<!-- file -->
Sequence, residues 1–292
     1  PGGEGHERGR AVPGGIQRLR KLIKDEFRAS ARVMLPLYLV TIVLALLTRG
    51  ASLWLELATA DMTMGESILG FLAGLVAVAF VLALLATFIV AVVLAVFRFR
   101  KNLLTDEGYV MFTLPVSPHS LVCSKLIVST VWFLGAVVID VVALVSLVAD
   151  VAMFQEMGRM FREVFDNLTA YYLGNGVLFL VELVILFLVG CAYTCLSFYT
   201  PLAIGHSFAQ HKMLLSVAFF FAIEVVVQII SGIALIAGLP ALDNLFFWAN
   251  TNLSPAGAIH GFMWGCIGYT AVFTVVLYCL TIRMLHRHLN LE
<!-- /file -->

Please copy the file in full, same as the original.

Sequence, residues 1–292
     1  PGGEGHERGR AVPGGIQRLR KLIKDEFRAS ARVMLPLYLV TIVLALLTRG
    51  ASLWLELATA DMTMGESILG FLAGLVAVAF VLALLATFIV AVVLAVFRFR
   101  KNLLTDEGYV MFTLPVSPHS LVCSKLIVST VWFLGAVVID VVALVSLVAD
   151  VAMFQEMGRM FREVFDNLTA YYLGNGVLFL VELVILFLVG CAYTCLSFYT
   201  PLAIGHSFAQ HKMLLSVAFF FAIEVVVQII SGIALIAGLP ALDNLFFWAN
   251  TNLSPAGAIH GFMWGCIGYT AVFTVVLYCL TIRMLHRHLN LE